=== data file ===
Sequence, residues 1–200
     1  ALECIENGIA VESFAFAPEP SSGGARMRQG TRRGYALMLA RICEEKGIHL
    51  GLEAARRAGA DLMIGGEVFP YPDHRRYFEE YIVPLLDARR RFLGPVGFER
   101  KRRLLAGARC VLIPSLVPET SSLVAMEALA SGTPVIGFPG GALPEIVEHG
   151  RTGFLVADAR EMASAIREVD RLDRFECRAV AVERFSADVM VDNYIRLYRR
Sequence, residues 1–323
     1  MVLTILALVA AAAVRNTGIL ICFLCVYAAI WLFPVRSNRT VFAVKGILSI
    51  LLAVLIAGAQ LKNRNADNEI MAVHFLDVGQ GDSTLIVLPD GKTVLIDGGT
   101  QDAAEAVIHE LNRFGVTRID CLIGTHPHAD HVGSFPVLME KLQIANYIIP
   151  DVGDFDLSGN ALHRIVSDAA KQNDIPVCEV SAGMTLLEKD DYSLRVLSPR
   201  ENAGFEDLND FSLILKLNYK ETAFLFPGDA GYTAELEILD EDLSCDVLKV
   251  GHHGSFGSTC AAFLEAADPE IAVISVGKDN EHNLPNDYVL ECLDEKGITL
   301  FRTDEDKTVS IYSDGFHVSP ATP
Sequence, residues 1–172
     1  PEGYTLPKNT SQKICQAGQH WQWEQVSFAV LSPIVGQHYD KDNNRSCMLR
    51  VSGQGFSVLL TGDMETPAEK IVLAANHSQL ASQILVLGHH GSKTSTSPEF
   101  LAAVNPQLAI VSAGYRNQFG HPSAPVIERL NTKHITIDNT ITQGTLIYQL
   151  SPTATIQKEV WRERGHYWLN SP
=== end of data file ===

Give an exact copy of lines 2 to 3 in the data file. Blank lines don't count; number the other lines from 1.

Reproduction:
     1  ALECIENGIA VESFAFAPEP SSGGARMRQG TRRGYALMLA RICEEKGIHL
    51  GLEAARRAGA DLMIGGEVFP YPDHRRYFEE YIVPLLDARR RFLGPVGFER